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Does your mind ever wander to what seems to be totally irrelevant subjects? Mine does. A lot. I used to ask my dad questions about all kinds of off-the-wall subjects. Being the good dad that he was, he’d answer, or if he didn’t KNOW the answer, he’d make up crap! I think that was just to shut me up, but I thought he was the smartest man on the planet. Grin Now Drollery doesn’t play the question game the same way. If he doesn’t know the answer he SAYS, “Damned if I know!” and ignores me!

So! We were eating breakfast this morning and a question presented itself. It was about this cup that Drollery had picked up as a souvenir in Walnut Creek, Ohio the last time we visited Amish country on a trip back to my home.


I was just pondering the picture when the thought trickled through my mind, why did people build covered bridges? And, of course, I asked the nearest font of knowledge. “Damned if I know?” Drollery said, his mind already long gone ahead to a meeting he had at 9:00. I grew hopeful as he tossed out, “Maybe to stay dry?” “Then why not build EVERY bridge that way,” I asked, not willing to let it go. “Damned if I know…”

After he left I got on Google and asked my question. There’s not much Google doesn’t know. But unlike my dad, it doesn’t make up crap! (Or does it???) Here’s what I found:

A covered bridge is a timber-truss bridge with a roof and siding which, in most covered bridges, create an almost complete enclosure. The purpose of the covering is to protect the wooden structural members from the weather. Uncovered wooden bridges have a lifespan of only 10 to 15 years because of the effects of rain and sun. …In the mid-1800s, the development of cheaper wrought iron and cast iron led to metal rather than timber trusses, except in those areas of plentiful large timber. (Wikipedia)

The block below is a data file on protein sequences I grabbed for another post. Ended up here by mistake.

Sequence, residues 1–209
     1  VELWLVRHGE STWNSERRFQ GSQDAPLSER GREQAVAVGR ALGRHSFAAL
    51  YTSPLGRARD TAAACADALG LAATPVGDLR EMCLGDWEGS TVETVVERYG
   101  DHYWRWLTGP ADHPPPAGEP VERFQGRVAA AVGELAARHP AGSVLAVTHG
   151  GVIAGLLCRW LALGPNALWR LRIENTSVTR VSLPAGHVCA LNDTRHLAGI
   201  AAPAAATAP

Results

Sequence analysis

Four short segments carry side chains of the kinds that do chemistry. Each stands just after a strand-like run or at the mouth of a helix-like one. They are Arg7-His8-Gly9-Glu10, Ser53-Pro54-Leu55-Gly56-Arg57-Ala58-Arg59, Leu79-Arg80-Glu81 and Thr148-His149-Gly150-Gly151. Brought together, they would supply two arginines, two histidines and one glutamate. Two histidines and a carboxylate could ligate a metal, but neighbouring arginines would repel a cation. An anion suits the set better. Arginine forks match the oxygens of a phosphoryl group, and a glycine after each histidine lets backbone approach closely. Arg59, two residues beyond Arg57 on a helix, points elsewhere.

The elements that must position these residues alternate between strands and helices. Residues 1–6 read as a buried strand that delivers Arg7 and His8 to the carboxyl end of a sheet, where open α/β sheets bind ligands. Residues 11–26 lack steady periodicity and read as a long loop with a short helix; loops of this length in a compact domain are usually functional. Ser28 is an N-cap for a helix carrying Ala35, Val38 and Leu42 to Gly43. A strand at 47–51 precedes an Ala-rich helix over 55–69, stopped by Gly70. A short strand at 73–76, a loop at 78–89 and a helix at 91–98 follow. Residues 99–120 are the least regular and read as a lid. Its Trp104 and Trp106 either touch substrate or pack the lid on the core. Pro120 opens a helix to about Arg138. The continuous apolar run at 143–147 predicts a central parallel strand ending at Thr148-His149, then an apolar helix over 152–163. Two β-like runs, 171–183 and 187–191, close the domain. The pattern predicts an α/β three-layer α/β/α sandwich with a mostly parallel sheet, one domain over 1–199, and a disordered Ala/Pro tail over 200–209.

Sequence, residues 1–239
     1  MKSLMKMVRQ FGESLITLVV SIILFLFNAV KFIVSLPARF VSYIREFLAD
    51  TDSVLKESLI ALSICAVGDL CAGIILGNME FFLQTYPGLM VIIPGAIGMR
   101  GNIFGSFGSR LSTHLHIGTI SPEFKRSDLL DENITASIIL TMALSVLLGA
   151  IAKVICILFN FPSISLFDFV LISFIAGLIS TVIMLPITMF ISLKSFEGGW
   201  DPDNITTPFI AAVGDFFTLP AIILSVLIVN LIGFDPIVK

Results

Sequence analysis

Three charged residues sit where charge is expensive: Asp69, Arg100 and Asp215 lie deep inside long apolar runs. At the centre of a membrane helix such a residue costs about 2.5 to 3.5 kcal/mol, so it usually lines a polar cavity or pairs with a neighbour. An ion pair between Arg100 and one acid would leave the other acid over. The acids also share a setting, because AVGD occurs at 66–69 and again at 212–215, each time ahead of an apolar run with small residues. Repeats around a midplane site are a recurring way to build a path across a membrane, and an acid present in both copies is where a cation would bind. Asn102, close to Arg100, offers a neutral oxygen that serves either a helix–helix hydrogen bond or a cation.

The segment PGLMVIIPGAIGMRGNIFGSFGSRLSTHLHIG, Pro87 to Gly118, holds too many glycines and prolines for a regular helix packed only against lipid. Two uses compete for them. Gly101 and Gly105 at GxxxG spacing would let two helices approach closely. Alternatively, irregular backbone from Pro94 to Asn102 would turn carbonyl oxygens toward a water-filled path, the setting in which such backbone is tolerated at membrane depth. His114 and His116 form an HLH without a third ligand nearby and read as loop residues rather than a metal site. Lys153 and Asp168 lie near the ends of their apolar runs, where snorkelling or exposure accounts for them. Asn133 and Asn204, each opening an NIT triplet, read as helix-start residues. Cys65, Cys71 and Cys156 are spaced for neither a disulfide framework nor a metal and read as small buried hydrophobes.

It also mentioned that they were helpful in keeping horses from shying away from the water. The ones I’ve seen up close and personal sometimes have a walkway on either side under the roof and windows from which you can throw a fishin’ line in the water. There are still a few of them dotting the countryside in north-central Ohio in Amish country.

The Bridge of Dreams, Brinkhaven Holmes County, Ohio — not a true covered bridge, however, as it was built on a train trestle.

So now I have my answer to a seemingly insignificant question. But for bridge builders of bygone eras, why to cover a bridge was a very important consideration indeed. I hope someday you get a chance to see one, to walk across it and feel the give in the floor boards and hear the hollow sound inside. They are, quite simply, charming as well as practical.


Picture Credits:
Bridge of Dreams — www.bobgardnerphotoman.com
Covered Bridge 1 — www.istockphoto.com235 × 156Search by image
Covered Bridge 2 — www.pinterest.com
Covered Bridge 3 — en.wikipedia.org